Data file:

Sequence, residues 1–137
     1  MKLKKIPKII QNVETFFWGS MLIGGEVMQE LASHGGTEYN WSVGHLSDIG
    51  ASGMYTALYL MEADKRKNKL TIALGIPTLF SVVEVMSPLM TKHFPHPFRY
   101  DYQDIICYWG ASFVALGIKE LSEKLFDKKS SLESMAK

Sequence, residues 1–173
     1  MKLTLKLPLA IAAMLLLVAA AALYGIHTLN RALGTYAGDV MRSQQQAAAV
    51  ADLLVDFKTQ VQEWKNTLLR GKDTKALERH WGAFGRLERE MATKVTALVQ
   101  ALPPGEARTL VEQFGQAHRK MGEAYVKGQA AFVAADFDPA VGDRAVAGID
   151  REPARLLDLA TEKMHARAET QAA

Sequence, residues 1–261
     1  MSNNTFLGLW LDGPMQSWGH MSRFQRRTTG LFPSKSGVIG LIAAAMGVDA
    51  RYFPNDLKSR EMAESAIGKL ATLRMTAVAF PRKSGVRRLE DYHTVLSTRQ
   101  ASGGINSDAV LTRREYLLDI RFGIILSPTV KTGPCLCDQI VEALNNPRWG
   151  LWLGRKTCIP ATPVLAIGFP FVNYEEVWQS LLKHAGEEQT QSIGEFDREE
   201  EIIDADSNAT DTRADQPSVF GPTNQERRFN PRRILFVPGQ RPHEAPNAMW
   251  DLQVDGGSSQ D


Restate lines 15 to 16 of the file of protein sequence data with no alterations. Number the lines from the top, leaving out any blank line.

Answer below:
   201  EIIDADSNAT DTRADQPSVF GPTNQERRFN PRRILFVPGQ RPHEAPNAMW
   251  DLQVDGGSSQ D